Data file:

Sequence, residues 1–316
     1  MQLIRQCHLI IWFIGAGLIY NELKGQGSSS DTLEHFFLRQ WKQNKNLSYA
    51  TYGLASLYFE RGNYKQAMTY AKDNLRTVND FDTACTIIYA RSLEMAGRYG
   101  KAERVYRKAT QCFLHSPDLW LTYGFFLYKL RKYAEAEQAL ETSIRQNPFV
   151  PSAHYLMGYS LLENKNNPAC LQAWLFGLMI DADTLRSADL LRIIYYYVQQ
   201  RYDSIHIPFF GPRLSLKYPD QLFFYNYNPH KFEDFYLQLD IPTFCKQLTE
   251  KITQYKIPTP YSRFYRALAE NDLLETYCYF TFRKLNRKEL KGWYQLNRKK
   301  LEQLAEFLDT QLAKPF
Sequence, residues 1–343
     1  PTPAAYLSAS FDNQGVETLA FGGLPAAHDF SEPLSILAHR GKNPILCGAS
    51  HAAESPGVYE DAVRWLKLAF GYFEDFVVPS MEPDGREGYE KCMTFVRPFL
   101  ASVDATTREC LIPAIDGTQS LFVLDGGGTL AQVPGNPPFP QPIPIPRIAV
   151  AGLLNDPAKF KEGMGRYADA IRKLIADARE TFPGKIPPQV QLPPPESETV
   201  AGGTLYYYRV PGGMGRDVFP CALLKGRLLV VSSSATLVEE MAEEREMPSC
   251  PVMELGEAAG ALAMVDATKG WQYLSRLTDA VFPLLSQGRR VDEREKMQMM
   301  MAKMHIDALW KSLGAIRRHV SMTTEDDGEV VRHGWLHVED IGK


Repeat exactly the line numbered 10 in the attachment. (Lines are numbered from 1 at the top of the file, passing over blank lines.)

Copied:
     1  PTPAAYLSAS FDNQGVETLA FGGLPAAHDF SEPLSILAHR GKNPILCGAS